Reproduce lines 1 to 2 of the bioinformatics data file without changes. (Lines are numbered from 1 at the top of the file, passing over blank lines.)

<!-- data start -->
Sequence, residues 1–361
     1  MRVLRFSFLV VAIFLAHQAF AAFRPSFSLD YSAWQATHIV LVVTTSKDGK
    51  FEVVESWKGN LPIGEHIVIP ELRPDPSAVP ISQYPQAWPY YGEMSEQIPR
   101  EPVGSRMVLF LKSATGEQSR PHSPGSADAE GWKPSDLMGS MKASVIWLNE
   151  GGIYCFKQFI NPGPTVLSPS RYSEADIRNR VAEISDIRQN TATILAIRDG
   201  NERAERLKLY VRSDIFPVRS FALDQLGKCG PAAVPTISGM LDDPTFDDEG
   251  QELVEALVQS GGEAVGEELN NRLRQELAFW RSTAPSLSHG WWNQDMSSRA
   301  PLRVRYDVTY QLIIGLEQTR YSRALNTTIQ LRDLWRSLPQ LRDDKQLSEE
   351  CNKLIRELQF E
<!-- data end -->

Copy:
Sequence, residues 1–361
     1  MRVLRFSFLV VAIFLAHQAF AAFRPSFSLD YSAWQATHIV LVVTTSKDGK